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Lady Macbeth

Macbeth

Glamis thou art, and Cawdor, and shalt be

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Glamis thou art, and Cawdor, and shalt be
What thou art promised. Yet do I fear thy nature;
It is too full o’ th’ milk of human kindness
To catch the nearest way. Thou wouldst be great,
Art not without ambition, but without
The illness should attend it.

Yet do I fear thy nature;
It is too full o’ th’ milk of human kindness
To catch the nearest way.
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Source:
Act 1
Scene 5
Line 1

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Come, you spirits That tend on mortal thoughts

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Come, you spirits
That tend on mortal thoughts, unsex me here,
And fill me from the crown to the toe top-full
Of direst cruelty. Make thick my blood.

Come, thick night,
And pall thee in the dunnest smoke of hell,
That my keen knife see not the wound it makes

Stop up th’ access and passage to remorse,
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Source:
Act 1
Scene 5
Line 47

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My dearest love, Duncan comes here tonight

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Macbeth
My dearest love,
Duncan comes here tonight.
Lady Macbeth
And when goes hence?
Macbeth
Tomorrow, as he purposes.
Lady Macbeth
O, never
Shall sun that morrow see!
Your face, my thane, is as a book where men
May read strange matters. To beguile the time,
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Source:
Act 1
Scene 5
Line 67

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We will proceed no further in this business

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Macbeth
We will proceed no further in this business.
He hath honored me of late, and I have bought
Golden opinions from all sorts of people,
Which would be worn now in their newest gloss,
Not cast aside so soon.

We fail?
But screw your courage to the sticking place
And we’ll not fail.
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Source:
Act 1
Scene 7
Line 34

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O horror, horror, horror!

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Macduff
O horror, horror, horror!Epizeuxis
Tongue nor heart cannot conceive nor name thee!Catachresis & Synecdoche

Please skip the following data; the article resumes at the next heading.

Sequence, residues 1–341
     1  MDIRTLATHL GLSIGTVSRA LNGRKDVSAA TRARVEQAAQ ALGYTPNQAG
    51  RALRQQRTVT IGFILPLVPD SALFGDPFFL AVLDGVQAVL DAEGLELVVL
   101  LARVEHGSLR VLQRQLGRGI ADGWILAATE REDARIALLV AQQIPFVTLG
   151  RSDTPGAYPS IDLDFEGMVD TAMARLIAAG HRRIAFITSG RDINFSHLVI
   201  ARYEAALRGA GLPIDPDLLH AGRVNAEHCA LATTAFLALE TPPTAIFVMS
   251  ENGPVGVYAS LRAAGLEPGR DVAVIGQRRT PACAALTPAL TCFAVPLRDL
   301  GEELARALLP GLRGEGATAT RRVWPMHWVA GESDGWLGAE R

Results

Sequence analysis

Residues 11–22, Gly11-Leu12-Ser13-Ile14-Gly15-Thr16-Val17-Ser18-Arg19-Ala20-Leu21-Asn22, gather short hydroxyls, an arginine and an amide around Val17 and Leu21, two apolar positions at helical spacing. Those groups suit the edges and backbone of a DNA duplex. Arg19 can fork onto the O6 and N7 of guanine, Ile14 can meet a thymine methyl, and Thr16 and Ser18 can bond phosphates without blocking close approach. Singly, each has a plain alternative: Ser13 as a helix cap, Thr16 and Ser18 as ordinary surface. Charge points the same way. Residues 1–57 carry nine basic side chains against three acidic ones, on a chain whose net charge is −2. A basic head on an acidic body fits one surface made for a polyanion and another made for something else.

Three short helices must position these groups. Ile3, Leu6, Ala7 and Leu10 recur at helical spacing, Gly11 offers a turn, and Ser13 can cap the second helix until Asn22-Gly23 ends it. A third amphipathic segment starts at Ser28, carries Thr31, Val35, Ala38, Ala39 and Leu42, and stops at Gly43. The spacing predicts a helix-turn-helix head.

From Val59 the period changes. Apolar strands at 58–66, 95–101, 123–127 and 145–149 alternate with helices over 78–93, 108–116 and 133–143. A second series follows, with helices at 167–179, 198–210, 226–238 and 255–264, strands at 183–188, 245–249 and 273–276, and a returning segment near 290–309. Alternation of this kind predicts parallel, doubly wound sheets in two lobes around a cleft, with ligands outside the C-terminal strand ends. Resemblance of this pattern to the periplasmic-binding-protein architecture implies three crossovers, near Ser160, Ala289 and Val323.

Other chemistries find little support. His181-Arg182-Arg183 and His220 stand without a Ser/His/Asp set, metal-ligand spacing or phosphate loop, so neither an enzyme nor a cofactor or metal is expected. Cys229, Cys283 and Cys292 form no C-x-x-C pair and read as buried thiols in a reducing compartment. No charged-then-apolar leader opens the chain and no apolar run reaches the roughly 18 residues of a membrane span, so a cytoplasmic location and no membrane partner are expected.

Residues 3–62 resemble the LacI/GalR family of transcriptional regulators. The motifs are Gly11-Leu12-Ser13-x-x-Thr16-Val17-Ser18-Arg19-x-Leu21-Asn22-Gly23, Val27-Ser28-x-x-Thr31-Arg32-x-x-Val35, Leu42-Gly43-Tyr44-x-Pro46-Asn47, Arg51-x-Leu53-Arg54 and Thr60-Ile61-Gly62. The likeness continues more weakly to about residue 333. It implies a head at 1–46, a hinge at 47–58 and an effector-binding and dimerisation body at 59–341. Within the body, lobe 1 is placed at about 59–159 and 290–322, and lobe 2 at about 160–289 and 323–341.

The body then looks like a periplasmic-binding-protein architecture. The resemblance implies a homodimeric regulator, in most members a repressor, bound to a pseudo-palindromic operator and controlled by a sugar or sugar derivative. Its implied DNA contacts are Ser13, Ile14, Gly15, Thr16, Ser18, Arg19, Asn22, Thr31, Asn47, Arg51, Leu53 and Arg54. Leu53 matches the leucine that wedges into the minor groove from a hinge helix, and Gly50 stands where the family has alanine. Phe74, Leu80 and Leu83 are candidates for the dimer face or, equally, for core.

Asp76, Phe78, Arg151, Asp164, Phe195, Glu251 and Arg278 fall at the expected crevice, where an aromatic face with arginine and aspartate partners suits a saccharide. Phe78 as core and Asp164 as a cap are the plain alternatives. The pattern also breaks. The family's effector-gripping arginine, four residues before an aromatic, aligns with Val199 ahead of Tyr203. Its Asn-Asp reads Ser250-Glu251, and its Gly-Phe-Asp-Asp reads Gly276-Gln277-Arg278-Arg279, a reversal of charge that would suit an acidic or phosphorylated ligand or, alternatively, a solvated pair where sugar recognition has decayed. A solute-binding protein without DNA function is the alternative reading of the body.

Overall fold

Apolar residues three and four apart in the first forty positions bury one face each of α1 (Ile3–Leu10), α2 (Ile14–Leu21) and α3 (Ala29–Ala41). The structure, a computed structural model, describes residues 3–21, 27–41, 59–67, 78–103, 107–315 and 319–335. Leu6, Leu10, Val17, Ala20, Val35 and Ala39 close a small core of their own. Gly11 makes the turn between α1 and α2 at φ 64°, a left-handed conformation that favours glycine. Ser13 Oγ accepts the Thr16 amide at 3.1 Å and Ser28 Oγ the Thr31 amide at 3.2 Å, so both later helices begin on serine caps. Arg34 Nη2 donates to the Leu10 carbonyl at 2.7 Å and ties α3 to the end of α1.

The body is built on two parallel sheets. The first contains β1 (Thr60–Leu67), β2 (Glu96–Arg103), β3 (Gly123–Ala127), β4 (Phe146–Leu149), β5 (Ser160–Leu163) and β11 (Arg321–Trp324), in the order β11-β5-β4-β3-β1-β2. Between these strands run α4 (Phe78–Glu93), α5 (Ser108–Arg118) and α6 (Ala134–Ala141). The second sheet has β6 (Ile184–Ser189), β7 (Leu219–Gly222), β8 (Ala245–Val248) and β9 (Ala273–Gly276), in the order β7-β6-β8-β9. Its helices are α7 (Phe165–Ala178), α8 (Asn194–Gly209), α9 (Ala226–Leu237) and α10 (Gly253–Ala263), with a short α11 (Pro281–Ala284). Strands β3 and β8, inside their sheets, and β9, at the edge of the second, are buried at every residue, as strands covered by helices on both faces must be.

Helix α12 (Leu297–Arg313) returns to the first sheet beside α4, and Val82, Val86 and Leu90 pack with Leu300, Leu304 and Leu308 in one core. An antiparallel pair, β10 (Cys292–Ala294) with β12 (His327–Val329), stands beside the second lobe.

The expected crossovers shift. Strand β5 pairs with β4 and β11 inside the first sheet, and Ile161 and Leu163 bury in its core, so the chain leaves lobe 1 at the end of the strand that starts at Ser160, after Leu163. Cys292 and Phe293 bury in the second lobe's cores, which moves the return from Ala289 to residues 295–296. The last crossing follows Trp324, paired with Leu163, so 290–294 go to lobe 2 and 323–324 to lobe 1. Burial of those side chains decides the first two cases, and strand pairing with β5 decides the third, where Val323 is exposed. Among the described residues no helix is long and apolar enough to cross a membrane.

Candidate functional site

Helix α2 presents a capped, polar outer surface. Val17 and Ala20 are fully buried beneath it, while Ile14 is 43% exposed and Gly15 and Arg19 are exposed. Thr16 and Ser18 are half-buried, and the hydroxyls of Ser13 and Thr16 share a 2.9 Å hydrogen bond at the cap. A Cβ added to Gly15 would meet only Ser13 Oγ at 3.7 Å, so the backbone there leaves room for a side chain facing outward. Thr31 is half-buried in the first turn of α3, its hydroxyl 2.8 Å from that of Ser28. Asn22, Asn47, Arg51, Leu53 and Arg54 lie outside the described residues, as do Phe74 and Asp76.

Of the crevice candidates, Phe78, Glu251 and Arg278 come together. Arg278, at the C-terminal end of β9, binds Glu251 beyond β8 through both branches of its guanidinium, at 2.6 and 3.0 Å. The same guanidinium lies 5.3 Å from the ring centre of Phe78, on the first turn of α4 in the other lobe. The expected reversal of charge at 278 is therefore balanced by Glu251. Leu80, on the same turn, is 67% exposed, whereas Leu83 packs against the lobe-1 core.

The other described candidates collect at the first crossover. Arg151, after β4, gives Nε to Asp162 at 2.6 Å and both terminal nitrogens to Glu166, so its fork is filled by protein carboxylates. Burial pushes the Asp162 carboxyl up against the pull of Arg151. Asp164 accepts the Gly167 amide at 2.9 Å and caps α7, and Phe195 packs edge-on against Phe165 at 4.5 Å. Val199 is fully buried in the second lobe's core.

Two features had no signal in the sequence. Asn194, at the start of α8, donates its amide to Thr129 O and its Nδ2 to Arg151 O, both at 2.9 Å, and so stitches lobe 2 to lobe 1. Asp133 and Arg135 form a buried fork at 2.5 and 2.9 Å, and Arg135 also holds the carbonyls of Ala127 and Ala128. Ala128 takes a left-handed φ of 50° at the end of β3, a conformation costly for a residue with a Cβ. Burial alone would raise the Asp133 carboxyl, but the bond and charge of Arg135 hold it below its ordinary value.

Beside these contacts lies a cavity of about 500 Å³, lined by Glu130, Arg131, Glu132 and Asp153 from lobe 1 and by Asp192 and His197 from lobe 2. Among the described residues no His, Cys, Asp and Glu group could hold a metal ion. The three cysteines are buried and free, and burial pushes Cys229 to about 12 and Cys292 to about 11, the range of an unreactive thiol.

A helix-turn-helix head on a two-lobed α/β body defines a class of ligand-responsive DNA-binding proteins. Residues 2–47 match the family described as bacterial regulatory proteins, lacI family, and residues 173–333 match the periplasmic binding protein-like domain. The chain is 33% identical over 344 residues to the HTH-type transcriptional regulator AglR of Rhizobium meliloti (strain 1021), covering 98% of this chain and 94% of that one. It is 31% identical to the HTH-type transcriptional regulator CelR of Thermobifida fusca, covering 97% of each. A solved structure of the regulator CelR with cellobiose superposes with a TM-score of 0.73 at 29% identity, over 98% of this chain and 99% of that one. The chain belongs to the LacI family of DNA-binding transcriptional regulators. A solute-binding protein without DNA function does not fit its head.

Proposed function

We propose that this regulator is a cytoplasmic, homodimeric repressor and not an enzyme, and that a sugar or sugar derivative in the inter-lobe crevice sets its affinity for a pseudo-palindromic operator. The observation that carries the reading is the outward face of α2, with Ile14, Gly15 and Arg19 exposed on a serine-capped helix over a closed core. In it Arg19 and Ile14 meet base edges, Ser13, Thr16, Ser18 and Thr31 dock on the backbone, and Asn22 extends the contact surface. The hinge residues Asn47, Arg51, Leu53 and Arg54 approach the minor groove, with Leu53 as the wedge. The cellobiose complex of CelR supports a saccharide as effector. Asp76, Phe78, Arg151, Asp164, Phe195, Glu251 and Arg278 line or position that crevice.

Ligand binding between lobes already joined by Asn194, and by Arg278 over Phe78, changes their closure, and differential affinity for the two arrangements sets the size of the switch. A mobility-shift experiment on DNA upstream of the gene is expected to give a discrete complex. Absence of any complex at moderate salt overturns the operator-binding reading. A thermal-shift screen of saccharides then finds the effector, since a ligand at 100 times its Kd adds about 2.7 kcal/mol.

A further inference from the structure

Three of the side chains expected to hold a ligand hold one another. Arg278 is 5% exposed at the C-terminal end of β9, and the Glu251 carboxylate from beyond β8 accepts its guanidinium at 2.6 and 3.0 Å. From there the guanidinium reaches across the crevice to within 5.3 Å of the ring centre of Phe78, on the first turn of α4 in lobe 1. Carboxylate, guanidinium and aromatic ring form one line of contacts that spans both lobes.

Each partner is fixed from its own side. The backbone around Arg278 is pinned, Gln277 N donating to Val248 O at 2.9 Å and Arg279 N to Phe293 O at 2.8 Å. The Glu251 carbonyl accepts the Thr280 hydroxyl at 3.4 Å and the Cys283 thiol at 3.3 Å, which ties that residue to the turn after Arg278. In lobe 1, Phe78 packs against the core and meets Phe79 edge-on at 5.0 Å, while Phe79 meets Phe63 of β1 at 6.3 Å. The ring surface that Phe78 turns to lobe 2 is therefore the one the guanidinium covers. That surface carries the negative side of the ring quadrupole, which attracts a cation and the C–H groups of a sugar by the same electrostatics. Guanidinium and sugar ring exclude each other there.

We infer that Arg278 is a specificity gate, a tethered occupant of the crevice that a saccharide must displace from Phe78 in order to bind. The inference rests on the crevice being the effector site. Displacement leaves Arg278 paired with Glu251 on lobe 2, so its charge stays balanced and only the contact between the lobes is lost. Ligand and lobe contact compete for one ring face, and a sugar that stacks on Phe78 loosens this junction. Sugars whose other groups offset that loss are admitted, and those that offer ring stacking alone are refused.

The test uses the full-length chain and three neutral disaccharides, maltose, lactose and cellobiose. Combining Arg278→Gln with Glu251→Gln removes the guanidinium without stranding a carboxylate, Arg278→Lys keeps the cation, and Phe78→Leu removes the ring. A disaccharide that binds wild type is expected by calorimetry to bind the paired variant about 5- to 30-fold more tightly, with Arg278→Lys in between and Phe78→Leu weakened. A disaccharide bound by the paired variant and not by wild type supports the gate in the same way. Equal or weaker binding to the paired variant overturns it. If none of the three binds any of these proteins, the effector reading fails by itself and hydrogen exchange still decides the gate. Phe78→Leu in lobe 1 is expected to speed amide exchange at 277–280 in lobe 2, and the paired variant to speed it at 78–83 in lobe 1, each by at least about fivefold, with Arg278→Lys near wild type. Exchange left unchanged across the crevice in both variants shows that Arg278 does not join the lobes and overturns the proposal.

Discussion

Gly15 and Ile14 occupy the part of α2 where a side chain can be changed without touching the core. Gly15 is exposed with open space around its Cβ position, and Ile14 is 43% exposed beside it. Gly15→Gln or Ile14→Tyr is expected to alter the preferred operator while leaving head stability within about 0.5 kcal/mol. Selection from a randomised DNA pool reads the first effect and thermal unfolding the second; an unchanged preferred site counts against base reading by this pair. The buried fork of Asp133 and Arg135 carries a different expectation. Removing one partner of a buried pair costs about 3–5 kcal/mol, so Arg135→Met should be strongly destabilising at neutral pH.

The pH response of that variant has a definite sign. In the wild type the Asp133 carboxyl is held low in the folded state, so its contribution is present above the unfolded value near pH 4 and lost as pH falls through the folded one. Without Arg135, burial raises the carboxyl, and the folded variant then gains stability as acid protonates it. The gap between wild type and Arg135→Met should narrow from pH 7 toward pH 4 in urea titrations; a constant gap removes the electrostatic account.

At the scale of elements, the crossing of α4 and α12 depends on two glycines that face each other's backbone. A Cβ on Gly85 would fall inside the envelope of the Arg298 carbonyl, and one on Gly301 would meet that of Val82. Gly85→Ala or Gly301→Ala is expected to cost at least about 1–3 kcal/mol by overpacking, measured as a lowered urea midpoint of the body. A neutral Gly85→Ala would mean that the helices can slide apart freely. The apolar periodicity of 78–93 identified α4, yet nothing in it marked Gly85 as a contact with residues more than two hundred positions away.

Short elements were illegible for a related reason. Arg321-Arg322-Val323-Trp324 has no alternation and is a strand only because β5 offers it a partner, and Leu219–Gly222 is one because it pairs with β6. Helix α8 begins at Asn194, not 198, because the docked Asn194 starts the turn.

Macbeth and Lennox
What’s the matter?

Confusion now hath made his masterpiece.

Macduff
Confusion now hath made his masterpiece.Personification
Most sacrilegious murder hath broke ope
The Lord’s anointed temple and stole thence
The life o’ th’ building.

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Naught’s had, all’s spent

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Naught’s had, all’s spent,
Where our desire is got without content.Isocolon & Dichotomy

Things without all remedy
Should be without regard. What’s done is done.

‘Tis safer to be that which we destroy
Than by destruction dwell in doubtful joy.Antimetabole, Polyptoton & Alliteration

 Enter Macbeth.
How now,
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Source:
Act 3
Scene 2
Line 6

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We have scorched the snake, not killed it

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Macbeth
We have scorched the snake, not killed it.
She’ll close and be herself whilst our poor malice
Remains in danger of her former tooth.

After life’s fitful fever he sleeps well.
Treason has done his worst; nor steel nor poison,
Malice domestic, foreign levy, nothing
Can touch him further.

But let the frame of things disjoint,
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Source:
Act 3
Scene 2
Line 15

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You know your own degrees; sit down

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Macbeth
You know your own degrees; sit down. At first
And last, the hearty welcome.  They sit.
Lords
Thanks to your Majesty.
Macbeth
Ourself will mingle with society
And play the humble host.
Our hostess keeps her state, but in best time
We will require her welcome.

But now I am cabined,
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Source:
Act 3
Scene 4
Line 1

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Out, damned spot, out, I say!

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Lady Macbeth
Out, damned spot, out, I say! One. Two.
Why then, ’tis time to do ‘t. Hell is murky. Fie, my
lord, fie, a soldier and afeard? What need we fear
who knows it, when none can call our power to
account? Yet who would have thought the old man
to have had so much blood in him?
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Source:
Act 5
Scene 1
Line 36

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This disease is beyond my practice

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Doctor
This disease is beyond my practice. Yet I have
known those which have walked in their sleep,
who have died holily in their beds.
Lady Macbeth
Wash your hands. Put on your nightgown.
Look not so pale. I tell you yet again, Banquo’s
buried; he cannot come out on ’s grave.
Doctor
Even so?
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Source:
Act 5
Scene 1
Line 62

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